What advice would you give to your 28-year-old self?

I didn’t have to constantly prove myself. Just do the work. There’s really nothing more you can do. And don’t worry about the things I told you about, [such as], “Do they think I’m going soft as a mother? Do they think I’m not as competitive as the men?” I wish I’d known that [it] didn’t matter. In the end, I was myself. Nobody’s perfect at everything. You’re not going to be a perfect mother. You’re not going to be a perfect journalist. Never worry about perfection. It just doesn’t happen.

What do you think your 28-year-old self would think of Martha today?

I couldn’t have imagined where I would end up today. I never had any five-year plan. I just liked what I was doing and kept doing it. There was never a moment when I thought, “I don’t like what I'm doing.” There still hasn’t been, quite frankly. When you come from fairly humble beginnings, I think that’s what happens. You’re just grateful. And I’m grateful for humble beginnings because they keep me happier every day.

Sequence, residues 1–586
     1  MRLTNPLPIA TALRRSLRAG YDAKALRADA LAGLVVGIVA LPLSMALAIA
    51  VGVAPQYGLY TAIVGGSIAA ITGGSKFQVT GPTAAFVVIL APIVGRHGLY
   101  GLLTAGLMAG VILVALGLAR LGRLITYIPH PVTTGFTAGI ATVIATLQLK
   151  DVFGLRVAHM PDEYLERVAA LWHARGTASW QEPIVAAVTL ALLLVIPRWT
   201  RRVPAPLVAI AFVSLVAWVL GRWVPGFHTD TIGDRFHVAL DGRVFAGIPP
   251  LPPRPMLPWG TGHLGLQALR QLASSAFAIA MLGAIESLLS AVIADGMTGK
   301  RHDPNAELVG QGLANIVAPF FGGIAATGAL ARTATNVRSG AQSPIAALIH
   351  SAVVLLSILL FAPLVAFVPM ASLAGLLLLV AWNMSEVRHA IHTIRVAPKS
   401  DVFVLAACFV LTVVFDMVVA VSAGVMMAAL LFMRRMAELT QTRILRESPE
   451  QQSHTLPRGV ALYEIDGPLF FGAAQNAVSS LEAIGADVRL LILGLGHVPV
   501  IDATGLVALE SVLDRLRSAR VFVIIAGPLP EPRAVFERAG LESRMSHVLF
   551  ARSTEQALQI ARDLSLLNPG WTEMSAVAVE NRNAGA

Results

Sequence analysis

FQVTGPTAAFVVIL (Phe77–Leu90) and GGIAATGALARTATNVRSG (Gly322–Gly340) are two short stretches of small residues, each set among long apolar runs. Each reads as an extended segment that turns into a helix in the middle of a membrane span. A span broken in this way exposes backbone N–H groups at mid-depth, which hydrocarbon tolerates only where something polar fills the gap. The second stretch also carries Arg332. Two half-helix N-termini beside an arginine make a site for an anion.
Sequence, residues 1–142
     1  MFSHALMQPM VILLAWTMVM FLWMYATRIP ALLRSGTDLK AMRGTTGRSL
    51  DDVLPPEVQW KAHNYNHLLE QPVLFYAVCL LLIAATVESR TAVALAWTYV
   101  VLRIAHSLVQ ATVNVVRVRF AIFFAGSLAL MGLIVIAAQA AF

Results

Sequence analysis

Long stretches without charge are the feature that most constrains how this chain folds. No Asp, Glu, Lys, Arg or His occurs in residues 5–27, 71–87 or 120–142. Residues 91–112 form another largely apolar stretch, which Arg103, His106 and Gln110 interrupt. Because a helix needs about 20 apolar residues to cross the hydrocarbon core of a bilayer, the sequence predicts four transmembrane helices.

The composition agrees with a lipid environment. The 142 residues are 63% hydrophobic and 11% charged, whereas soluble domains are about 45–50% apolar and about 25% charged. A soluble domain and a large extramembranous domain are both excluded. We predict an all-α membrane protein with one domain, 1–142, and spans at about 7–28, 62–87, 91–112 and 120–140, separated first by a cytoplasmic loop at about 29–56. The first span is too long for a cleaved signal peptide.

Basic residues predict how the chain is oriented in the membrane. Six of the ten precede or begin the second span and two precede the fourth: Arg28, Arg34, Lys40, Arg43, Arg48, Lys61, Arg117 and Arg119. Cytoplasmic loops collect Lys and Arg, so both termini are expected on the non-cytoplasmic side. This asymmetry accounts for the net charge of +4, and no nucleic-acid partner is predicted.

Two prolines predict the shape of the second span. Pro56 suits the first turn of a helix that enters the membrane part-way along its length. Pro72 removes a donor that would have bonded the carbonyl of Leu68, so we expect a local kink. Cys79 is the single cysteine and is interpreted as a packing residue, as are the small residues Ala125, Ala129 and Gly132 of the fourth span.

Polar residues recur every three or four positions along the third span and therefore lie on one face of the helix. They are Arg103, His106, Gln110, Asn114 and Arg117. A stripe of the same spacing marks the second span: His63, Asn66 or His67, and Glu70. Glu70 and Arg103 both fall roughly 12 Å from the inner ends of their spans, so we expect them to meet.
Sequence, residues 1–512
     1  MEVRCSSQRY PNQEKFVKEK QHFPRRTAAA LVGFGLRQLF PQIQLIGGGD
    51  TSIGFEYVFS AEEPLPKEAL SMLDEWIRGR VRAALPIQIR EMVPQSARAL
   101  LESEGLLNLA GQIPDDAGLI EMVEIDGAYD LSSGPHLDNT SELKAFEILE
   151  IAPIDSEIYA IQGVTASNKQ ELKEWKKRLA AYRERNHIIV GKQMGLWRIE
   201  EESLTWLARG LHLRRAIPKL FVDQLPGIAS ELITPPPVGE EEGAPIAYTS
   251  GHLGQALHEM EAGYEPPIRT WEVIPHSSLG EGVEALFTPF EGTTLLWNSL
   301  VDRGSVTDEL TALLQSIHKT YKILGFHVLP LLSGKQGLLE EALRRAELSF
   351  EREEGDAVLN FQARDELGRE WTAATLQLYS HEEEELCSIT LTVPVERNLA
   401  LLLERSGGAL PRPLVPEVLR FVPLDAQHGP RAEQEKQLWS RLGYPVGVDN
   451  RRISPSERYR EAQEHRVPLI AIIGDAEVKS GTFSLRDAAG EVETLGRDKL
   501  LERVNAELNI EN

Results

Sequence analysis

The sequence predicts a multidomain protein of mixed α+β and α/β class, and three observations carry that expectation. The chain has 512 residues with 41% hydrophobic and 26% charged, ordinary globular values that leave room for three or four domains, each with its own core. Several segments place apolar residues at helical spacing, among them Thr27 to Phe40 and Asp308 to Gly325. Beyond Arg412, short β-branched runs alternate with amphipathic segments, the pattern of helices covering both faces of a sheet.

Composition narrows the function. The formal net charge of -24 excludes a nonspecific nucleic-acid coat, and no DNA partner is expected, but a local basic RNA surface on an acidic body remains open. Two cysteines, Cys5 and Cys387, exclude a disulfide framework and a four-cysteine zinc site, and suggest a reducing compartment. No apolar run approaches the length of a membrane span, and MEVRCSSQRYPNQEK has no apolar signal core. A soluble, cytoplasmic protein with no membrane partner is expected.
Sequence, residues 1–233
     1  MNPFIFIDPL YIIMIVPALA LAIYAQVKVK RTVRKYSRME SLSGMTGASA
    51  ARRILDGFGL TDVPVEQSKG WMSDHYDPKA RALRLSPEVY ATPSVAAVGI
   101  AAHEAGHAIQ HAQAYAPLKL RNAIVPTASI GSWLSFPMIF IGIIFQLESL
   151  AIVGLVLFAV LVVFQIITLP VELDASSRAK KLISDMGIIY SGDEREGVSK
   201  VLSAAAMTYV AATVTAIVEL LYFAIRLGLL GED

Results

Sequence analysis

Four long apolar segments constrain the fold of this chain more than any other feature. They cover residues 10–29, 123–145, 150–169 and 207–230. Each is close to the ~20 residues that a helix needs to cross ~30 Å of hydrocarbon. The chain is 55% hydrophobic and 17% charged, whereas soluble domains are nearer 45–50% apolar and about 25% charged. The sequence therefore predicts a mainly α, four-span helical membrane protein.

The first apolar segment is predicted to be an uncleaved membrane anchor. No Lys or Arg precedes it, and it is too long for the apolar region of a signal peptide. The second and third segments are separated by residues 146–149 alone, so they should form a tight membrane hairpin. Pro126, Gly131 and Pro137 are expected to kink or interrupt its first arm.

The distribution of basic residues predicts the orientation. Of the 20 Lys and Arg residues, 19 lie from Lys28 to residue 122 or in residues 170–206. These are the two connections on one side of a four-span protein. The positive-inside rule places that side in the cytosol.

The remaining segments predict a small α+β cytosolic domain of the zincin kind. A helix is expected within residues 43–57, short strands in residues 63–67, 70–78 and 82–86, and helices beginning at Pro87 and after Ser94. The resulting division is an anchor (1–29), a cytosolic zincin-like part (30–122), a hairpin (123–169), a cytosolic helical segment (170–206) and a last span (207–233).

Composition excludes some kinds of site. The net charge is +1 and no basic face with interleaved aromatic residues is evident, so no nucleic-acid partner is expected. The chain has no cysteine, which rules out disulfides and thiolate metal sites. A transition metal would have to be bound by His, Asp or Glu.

How do you see the media changing now? How do you think it’s different today for young people starting out now?

Fundamentally, the job is the same. You cover stories, you uncover truth, and you find out as much as you can. You are a storyteller. That’s a fundamental part of journalism that people shouldn't forget. It’s not just gathering facts, [but] organizing those facts in a way that people understand, that people can relate to. Today it’s just a much faster pace.

Some nights, I’m on the news for 45 seconds. You have to narrow that story down and reduce it to the most important factor. Find the lead, be able to grab people’s attention — and I don’t mean in a salacious way — and be good storytellers.

This interview has been edited and condensed for clarity.